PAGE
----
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The Death Penalty Doesn’t Reflect Our National Values. Why is the Biden Administration Still Pursuing It?

Joe Biden speaking in front of several American flags.
The trial of Sayfullo Saipov provides a test case for whether Biden will keep his promise to end the death penalty.
Joe Biden speaking in front of several American flags.
Anthony D. Romero,
ACLU Executive Director
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February 3, 2023

Last week, in a federal courtroom in New York City, a jury found Sayfullo Saipov guilty of intentionally driving a truck down a crowded lower Manhattan bike path, killing eight people and injuring several more. The crime was horrific — as a New Yorker, I was shocked by such a brazen and horrifying act of violence in my community and my heart broke for the families of the victims.

The jury’s decision virtually ensures that Saipov will be imprisoned for the rest of his life. The only question now is whether he will die in a prison of natural causes or be executed. If President Biden is going to keep his promise to eliminate the federal death penalty, his administration should announce it is no longer seeking death and stop the penalty trial.

During his presidential campaign, Biden pointed to America’s history of death-row exonerations and proclaimed: “Because we can’t ensure that we get these cases right every time, we must eliminate the death penalty.” He was right. Precisely because the capital punishment system is broken, we must end its practice for good, even where guilt is beyond dispute. Saipov provides a test case for whether Biden will keep his promise.

The death penalty in the United States is ridden with unfairness. Far too many people on death row have been exonerated, and of those, a disproportionate number are people of color. Of the 190 death row exonerees since 1973, 103 — or more than half — have been Black. As President Biden noted, that fact should give us pause. Even where guilt of the underlying crime is clear, whether a defendant is sentenced to death turns less on the gravity of their crime and more on the vagaries of geography, race, and legal assistance.

The Department of Justice understands this. As Attorney General Merrick Garland explained in a 2021 memorandum pausing federal executions, troubling questions swirl around the federal death penalty, “including arbitrariness in its application, disparate impact on people of color, and the troubling number of exonerations in capital and other serious cases.” But given those facts, why are Biden and Garland pursuing a death sentence against Saipov?

Decades of evidence show the death penalty has not made Americans safer, as it doesn’t deter violent crime. It has also made us an outlier among our international peers — the U.S. is the only advanced Western democracy that maintains capital punishment. When Congress authorized the federal death penalty in 1988, new death sentences were at their highest levels in modern history and public opinion polls measured death-penalty support at nearly 80 percent. But every year since then, death-row exonerations, botched and barbarically cruel executions, ubiquitous legal errors, and other inequities have led to a rising opposition to the death penalty.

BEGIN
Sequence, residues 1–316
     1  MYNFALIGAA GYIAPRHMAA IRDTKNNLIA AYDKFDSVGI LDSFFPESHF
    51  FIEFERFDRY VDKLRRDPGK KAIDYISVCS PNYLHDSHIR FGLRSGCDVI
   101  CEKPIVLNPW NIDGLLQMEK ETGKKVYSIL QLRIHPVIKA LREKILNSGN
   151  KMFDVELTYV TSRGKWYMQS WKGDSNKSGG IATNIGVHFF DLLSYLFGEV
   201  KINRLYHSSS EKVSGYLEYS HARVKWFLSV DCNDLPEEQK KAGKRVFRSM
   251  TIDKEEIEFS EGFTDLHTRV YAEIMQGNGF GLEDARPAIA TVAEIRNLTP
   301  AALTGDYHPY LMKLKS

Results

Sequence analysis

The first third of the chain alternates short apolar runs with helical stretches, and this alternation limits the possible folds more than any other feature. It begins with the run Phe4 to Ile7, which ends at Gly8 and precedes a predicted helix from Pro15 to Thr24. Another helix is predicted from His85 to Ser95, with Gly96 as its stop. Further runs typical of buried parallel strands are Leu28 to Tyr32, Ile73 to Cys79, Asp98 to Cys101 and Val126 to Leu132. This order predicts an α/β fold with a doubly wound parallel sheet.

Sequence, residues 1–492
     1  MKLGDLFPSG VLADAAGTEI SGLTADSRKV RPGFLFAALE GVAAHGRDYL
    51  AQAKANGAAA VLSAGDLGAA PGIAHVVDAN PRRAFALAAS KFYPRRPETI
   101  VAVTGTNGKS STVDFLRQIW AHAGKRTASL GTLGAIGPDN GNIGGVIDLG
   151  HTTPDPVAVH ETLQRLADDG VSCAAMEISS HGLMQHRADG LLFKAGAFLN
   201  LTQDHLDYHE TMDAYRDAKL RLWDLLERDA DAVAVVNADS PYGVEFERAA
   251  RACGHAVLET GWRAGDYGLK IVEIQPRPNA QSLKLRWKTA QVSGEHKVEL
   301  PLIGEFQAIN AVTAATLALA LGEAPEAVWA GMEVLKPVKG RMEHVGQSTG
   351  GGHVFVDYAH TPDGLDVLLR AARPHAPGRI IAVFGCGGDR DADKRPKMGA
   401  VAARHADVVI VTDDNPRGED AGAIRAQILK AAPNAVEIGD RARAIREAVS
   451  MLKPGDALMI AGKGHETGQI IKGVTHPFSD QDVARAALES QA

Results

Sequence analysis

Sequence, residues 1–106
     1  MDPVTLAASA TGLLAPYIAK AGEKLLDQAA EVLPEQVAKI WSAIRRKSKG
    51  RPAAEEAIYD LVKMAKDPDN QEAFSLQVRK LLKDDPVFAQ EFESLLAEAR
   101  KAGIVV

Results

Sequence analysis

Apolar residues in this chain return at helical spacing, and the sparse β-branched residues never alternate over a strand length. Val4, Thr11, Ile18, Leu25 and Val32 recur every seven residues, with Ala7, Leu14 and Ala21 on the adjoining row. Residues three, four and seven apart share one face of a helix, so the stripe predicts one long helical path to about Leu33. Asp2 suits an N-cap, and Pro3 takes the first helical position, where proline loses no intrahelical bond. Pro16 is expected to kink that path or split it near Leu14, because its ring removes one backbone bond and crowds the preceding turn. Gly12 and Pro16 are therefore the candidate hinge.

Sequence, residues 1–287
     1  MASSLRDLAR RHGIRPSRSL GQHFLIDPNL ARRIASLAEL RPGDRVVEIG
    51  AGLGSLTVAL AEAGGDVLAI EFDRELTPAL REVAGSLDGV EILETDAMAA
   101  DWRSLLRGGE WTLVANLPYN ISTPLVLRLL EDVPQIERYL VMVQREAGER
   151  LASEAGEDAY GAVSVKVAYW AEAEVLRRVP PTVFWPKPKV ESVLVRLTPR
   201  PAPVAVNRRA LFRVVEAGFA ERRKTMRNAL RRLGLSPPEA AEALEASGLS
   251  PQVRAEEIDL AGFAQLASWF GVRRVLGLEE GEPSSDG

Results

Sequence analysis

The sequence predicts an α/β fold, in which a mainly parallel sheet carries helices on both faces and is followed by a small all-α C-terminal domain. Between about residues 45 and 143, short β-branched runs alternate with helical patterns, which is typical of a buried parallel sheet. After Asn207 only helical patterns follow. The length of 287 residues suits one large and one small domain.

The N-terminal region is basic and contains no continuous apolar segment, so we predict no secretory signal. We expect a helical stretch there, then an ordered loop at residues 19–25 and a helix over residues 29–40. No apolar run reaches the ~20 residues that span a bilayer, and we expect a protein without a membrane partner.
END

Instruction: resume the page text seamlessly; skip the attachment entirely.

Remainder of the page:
Americans increasingly understand the problems with capital punishment, but those doubts won’t be reflected on the jury that will decide Saipov’s fate if the Justice Department proceeds. Because of the process of “death qualification” used to select the jury in Saipov’s case, those opposed to the death penalty are barred from serving on juries, resulting in juries that are more male, less diverse, more trustful of law enforcement, and more likely to vote for guilt in the first instance. The ACLU has brought challenges to death qualification in North Carolina, Florida, and Kansas.

Death sentences represent the views of an increasingly small and decidedly unrepresentative segment of the community, but the process for qualifying a jury in death penalty cases results in juries that are inevitably skewed and don’t represent broader public sentiment. And this is particularly concerning when a jury is selected in a state such as New York that has turned against the death penalty, having last executed a person in 1963 and abandoned the death penalty years ago.

As President Trump was leaving office, his administration carried out 13 executions in a span of six months. That killing spree illustrated why many Americans and a growing number of states have turned away from the death penalty. Among those executed in our name were two Black men who were not the triggermen in murders committed by others; two Black men with significant claims of intellectual disability; one member of the Navajo Nation; two men who were teenagers when they committed their crimes; and a mentally ill woman who had been repeatedly abused and tortured as a child, teen, and young woman.

Every federal death case has to be authorized by the attorney general. Understanding these flaws, Attorney General Garland deauthorized the death penalty in over two dozen cases in which the prior administration had sought death. Also to his credit, Garland declined to authorize any new death cases. That is, until Saipov.

Put simply: if the system is flawed at its roots, we should never be using it, period. Biden was right to promise to eliminate the federal death penalty, and Garland was right to call out the system as arbitrary, discriminatory, and far too prone to human error. If the president and attorney general believe what they have said, they must not authorize another death sentence – not even in this case.

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